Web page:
What’s a better deal?

What’s a better deal?

All through the late 1990s and early 2000s, assembled PCs, aka “white boxes", were the rage in India, what with the low prices, lack of good desktop models from international brands and authorized service centres. This changed when Dell, HP (Hewlett-Packard) and other major brands entered the Indian market with a whole range of new desktops and notebook PCs. Today, the market is flooded with international brands catering to almost every style and price.

So do white boxes really provide better value for money or does paying the extra buck provide you more than just a brand name? We take a look.

When you buy a branded PC you are buying a beautifully designed piece of hardware. Everything from the OS (operating system) to the drivers installed is tailor-made to cater to the hardware, thus leading to fewer software glitches in the system and almost zero downtime. But there is a downside to this specific design choice, and that is that you do not get much room to use the components of your choice. Instead, you get a fixed set of internals or a limited choice of options. So you can forget about pairing a high-end graphics card with a mid-specification processor.

Another benefit with branded computers is the after-sales service provided. As Shiladitya Mukhopadhyaya, executive director at Rasilant Technologies, an RFID manufacturing company, says: “If you are looking at an always on PC, branded is the way to go. Not only do you have tech support issues, but the support you get from a manufacturer is much more organized and quicker than what your local techie would provide. Besides, paying increasing amounts for an annual maintenance contract isn’t really worth it." Companies such as Dell and Apple run call centres with well-trained executives who know the specifics of each system and can assist you over the phone, while most local dealers won’t be of much help until they can send a technician over a day later at best.

But what really differentiates a branded PC from a white box is the price. A branded desktop commands a certain premium (at least 20%) over a similarly configured white box, but this significance is present only on high-end models that use the latest hardware. At the lower end of the spectrum though, branded desktops can come cheaper than a white box since the economies of scale cause the price to drop substantially.

So there you have it, from better service to fewer hassles and almost everything in between. Branded desktops clearly win the race here. Unless you need a device for very specific work or are intent on building your own rig for the fun of it, a white box really isn’t what you should be looking for.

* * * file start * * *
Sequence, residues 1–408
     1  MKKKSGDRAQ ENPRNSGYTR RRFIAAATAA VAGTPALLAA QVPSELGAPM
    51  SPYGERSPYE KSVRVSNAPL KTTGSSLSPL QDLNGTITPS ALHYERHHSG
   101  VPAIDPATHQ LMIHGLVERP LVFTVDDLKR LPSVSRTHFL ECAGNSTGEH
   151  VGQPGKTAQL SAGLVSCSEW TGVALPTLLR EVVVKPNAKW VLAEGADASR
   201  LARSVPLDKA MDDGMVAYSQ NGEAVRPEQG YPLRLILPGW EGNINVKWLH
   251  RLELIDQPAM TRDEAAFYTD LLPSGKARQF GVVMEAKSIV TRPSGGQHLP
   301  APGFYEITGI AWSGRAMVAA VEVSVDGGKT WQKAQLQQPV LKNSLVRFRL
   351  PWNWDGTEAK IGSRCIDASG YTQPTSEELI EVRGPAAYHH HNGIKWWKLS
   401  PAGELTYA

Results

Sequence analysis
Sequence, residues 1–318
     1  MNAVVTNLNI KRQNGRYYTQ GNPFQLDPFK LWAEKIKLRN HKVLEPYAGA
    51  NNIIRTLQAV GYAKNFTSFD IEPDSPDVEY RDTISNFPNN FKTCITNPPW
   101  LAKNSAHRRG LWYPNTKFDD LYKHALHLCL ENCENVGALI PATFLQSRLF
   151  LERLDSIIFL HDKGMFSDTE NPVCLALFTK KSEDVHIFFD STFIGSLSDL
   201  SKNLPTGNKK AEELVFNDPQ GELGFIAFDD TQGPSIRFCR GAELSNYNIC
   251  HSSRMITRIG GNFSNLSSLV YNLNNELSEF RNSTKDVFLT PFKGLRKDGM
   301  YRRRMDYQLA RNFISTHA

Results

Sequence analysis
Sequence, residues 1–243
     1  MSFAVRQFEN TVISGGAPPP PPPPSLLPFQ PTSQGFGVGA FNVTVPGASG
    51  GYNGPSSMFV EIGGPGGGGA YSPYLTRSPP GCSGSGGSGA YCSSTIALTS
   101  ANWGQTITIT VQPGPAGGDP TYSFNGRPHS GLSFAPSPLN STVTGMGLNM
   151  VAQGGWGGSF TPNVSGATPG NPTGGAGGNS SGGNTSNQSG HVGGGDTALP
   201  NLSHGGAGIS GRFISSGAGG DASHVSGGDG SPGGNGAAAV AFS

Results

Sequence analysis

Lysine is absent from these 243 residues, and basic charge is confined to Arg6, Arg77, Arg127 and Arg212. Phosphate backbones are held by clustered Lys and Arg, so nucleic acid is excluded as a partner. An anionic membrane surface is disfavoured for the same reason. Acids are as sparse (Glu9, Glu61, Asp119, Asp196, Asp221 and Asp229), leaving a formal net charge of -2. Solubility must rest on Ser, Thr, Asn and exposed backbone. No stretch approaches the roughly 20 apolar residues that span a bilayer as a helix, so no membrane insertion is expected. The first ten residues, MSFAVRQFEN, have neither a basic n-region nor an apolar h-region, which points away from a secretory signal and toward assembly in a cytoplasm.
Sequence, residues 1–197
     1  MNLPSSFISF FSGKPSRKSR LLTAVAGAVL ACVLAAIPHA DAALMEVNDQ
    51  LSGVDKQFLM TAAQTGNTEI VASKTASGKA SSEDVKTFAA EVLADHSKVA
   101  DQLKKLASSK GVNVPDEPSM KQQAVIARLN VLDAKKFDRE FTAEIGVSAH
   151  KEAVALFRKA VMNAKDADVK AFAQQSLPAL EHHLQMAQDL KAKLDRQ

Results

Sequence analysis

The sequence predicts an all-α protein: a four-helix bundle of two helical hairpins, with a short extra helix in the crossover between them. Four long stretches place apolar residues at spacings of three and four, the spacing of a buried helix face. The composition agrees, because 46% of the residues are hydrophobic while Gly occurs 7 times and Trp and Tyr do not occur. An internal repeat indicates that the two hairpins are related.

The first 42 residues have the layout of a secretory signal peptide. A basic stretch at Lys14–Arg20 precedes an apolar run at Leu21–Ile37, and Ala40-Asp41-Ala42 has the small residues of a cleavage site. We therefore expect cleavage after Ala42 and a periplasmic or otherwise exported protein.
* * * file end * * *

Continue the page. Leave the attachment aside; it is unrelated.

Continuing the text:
Still confused? Head to Delhi’s Nehru Place or Mumbai’s Lamington Road and have a look at the various PCs and white box rigs available, check price differences and ask for estimates. Most stores will be glad to entertain queries because finally it all boils down to what you need.

Tips for buying a branded PC

Don’t be lured by freebies such as screen cleaners, an optical mouse or software. You are paying for all of it through some hidden charge. Refuse the freebies and ask for a better price.

A gigabyte of RAM costs just about 400 on the street, so stay away from paying 1,000 for that extra RAM from an OEM. Most new motherboards have multiple RAM slots, and installing more RAM is just a screwdriver away.

Some manufacturers tie up with major corporate and government institutions to provide discounts of up to 15% for their employees. Ask your manufacturer if they do, and how you could avail it.

Lastly, take a long-term comprehensive warranty; it’s really worth it, especially for laptops that have to survive damage such as coffee spills. You can rest assured that if any part (excluding the battery) fails over the warranty period, regardless of whether it’s due to normal wear and tear or a faulty part, it will be replaced. Also, most comprehensive warranties cover accidental damage such as water spills, etc. So it’s really worth it!

Also take a look at the more expensive but beautiful all-in-one machines such as the iMac and others made by HP and Lenovo. They pack the CPU and everything else behind the screen, leaving you with almost no wires!

Tips for buying an assembled device

Prepare a list of components you’d like, so you can ask around for the cheapest prices of each component.

Most local dealers use a pirated/cracked copy of the Windows OS to keep costs down. Be wary of this and demand a legal copy. Pirated copies are susceptible to virus attacks since they do not receive updates from Windows.

Most dealers will sell the assembled PC really cheap but try and fleece you on the “assembly/installation charge". Be warned.

Ask about individual warranty periods on each component. Most components generally come with three- to five-year warranty.


The requirements of a home PC are different from those of a work PC

The family PC

Don’t be fooled by integrated graphics accelerators for a great media experience. A decent mid-range graphics card from Nvidia or ATI not only makes for a smooth media experience while watching your favourite videos and playing video games, but also prevents stuttering on high-quality YouTube videos. You need at least 4 GB RAM and a dual core processor. A 500 GB hard drive should hold you in good stead.

Add on: 5.1 speakers, integrated Bluetooth, webcam, and external hard drive to backup your data.

The office PC

A dual core PC with at least 2 GB of RAM should hold up for the everyday needs of a small business. A graphics card and huge hard drives won’t be required to store your daily excel sheets and word documents.

Add on: Wireless mouse and keyboard to keep your workspace wire-free, in-built Wi-Fi, and a larger screen.

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